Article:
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Intro to Myths and Misconceptions

Posted: Tue Aug 18, 2015 3:22 pm
by Moderator
For a variety of reasons, myths and misconceptions about Jaynes's theory abound. Often those who write or comment on Jaynes's theory unfortunately don't first take the time to properly understand it. They seem to often skim the book, only read a summary of it, or for other reasons jump to conclusions about what Jaynes is saying rather than taking the time to really understand the theory. The vast majority of critiques of the theory are based on misconceptions.

Responses to some of the most frequent misconceptions are posted here: ... theory.php

and here: ... eory_2.php

We've also posted this Myths vs. Facts page here: ... theory.php

As new misconceptions are published, we can utilize this forum to stay on top of them. If you find misconceptions about Jaynes's theory, post them here, along with your clarification. You can also request a clarification from others.

Ultimately we'd like to see more people debating what Jaynes actually said, rather than misinterpretations of the theory.

Re: Intro to Myths and Misconceptions

Posted: Wed Aug 19, 2015 5:20 pm
by ignosympathnoramus
Here is an absolute howler: Corballis, The evolution and genetics of cerebral asymmetry (2008):

"Jaynes (1976) speculated that cerebral asymmetry emerged in the second millennium BC, in response to
assorted catastrophes, such as floods, invasions, etc. Prior to this, people were governed by hallucinations,
invoking the Gods, but cerebral asymmetry allowed the left hemisphere to create a sense of self, so that people
took responsibility for their own actions. Jaynes’s theory makes little evolutionary sense, since handedness and
cerebral asymmetry probably go back at least 2 million years, and perhaps even earlier, in hominid evolution"

Re: Intro to Myths and Misconceptions

Posted: Wed Aug 19, 2015 5:38 pm
by ignosympathnoramus
Roughly the same error as the above is made by Barfield in his review:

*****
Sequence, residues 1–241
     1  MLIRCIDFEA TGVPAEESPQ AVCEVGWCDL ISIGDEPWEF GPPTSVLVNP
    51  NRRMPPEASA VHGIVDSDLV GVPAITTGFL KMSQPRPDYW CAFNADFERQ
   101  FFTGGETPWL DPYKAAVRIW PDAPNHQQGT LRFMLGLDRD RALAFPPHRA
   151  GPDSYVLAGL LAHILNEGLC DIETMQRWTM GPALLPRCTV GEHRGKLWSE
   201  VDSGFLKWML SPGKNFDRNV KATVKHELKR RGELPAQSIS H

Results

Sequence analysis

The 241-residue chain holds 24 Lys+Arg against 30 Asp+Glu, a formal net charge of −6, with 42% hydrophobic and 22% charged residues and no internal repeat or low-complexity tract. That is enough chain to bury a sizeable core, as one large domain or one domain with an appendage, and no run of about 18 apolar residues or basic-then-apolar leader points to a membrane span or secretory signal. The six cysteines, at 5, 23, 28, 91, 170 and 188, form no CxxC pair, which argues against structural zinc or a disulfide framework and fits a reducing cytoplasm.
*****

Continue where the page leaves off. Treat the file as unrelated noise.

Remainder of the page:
"The psycho-history of mankind, he says, can be understood only as an age-long progress, or transition, from the dominance of the right hemisphere, through a “bicameral mind” period when the two hemispheres were both about equally effective, into the dominance of the left hemisphere, which largely prevails today and which may end either in the total atrophy of the right hemisphere or, better, in the reestablishment of a proper balance between them."

Jaynes was not saying the hemispheres were "equally effective," but instead, suggested right hemispheric dominance in BC-times (for anything important that is--not habitual tasks, of course). Cerebral asymmetry already existed--the conscious mind is just a different arrangement of that asymmetry (LH-dominant).

Aside from such mistakes, it is also rather annoying that Jaynes is criticized by one party for denying biology any role in consciousness, another party for including all of this nonsense about the double brain, etc--that is, everyone can find something to criticize, so long as they pretend that other parts of his argument don't exist. For Koch, he says too little about the brain; for Barfield, too much. Can't win! (Barfield's review is pretty good though IMO)

"By giving consciousness a cultural origin, says Christof Koch, chief scientific officer at the Allen Institute for Brain Science, 'Jaynes disavows consciousness as a biological phenomenon.'" ... d-speaking

"A reviewer may be pardoned for raising the perhaps irritating question: Then why all this stress on the not-very-relevant physical brain? If the division of labor between its two hemispheres in any particular epoch is likely to have been organized by cultural and aesthetic activity, and is in any case only inferable from cultural and aesthetic phenomena, to what exactly is it the master key?"